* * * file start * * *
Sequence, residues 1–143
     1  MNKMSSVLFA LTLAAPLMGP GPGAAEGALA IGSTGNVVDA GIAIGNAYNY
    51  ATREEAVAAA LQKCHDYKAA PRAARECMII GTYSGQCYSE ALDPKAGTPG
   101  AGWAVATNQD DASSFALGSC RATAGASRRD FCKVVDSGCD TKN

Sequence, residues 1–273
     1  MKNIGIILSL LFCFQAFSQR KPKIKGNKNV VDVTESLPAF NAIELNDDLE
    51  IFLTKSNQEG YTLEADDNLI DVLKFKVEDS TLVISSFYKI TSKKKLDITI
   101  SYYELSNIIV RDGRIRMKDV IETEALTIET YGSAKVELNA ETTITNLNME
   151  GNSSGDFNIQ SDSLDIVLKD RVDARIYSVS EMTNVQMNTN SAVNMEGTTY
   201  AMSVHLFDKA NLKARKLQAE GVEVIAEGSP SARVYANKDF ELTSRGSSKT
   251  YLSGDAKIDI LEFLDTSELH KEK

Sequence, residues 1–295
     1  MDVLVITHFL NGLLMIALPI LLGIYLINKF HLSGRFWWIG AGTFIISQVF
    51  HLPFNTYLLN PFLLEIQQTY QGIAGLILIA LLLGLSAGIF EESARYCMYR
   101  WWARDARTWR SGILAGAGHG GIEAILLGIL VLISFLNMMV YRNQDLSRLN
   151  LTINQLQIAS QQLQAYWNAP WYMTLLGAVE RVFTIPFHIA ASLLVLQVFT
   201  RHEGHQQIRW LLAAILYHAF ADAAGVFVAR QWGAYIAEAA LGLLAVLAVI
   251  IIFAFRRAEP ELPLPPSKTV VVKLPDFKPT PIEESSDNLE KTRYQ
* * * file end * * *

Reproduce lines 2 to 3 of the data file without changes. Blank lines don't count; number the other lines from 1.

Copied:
     1  MNKMSSVLFA LTLAAPLMGP GPGAAEGALA IGSTGNVVDA GIAIGNAYNY
    51  ATREEAVAAA LQKCHDYKAA PRAARECMII GTYSGQCYSE ALDPKAGTPG